There are five factions in the game: The Caballeros, The Lawmen, The Outlaws, The Apaches, and The Prospectors. Each has special abilities and has two enemies. For example: The Lawmen’s special abilities are to throw people in jail If they kill someone (unless they pay you some resources) for 2 turns, where they can’t do anything, or they can put wanted posters up for characters that reward players for killing certain people. These wanted posters will remain on the board for future games until someone succeeds. Their enemies are the Apache and the Outlaws. Enemies are the only characters you can have a shootout with.
Each character card is listed with a starting weapon, a faction symbol, and 5 statistics. Starting weapons can be a revolver, shotgun, or rifle. The factions are listed above. The 5 Stats are: Speed, Strength, Skill, Marksmanship, and Wounds. Speed is how far your character can move on the board each turn. Strength is how many items and resources you can carry. Skill is used to show how many dice are rolled when harvesting resources. Marksmanship shows how many dice you can re-roll. And wounds are how many hits you can take before you lose all resources and must take a new character from the train deck.
At the beginning of the round, all train cards still on the train will be discarded to the bottom of the deck. The train will then be refilled. When a player moves into a space, he may harvest resources in that spaces by rolling dice equal to his Skill. A successful roll may take any resource remaining in that space if meeting difficulty requirements. For example, if a 5 is rolled in a space with Horses, Water, and Wood would let that player choose any of those resources. If he ends in the town he may take 2 actions with any of the buildings on the board including the train station to bring more cards into play, shopping at the general store, building new buildings, or trading in resources for VPs. The round ends when everyone is finished with their actions. NPCs stay in town.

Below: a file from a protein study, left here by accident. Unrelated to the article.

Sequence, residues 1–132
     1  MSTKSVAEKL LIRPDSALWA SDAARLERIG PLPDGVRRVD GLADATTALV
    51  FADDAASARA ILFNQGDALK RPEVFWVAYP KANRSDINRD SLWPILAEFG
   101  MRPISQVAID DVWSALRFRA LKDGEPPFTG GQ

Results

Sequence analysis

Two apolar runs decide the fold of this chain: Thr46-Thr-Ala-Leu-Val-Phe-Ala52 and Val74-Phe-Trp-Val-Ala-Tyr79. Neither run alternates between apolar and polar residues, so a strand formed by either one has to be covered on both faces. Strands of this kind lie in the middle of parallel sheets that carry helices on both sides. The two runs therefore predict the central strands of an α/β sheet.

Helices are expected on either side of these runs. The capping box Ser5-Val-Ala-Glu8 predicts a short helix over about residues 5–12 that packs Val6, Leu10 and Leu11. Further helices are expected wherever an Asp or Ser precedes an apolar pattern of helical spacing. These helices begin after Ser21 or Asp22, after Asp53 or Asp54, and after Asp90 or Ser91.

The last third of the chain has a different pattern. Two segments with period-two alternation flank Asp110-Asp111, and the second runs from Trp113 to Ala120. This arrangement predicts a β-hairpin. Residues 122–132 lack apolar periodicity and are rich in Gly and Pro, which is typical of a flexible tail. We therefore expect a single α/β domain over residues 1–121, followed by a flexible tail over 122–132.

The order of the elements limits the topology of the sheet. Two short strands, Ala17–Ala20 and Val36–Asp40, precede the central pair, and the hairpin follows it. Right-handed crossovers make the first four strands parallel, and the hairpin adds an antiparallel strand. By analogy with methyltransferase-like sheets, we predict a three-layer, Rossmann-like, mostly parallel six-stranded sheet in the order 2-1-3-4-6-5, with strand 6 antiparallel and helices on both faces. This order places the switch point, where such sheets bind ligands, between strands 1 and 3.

Shootouts happen when any character, comes within range of their weapon.
The nations of the world gather, as they are wont to do, and argue about the distribution of the world's resources and wealth…also as they are wont to do. After each game the conditions in the world will change, and nations will adjust to their new found resources, making their strategies evolve each game.
Your GOAL, as the representative of one of these nations, is to ensure that your country walks away with as much of the resources that it needs as possible while trying to meet your National Agenda.
As Nations, players will be forming and breaking alliances to get votes and to votes and resources that earn points at the end of the game. Each game ends with Nations Evolving and a new Global Shift. See "Game End"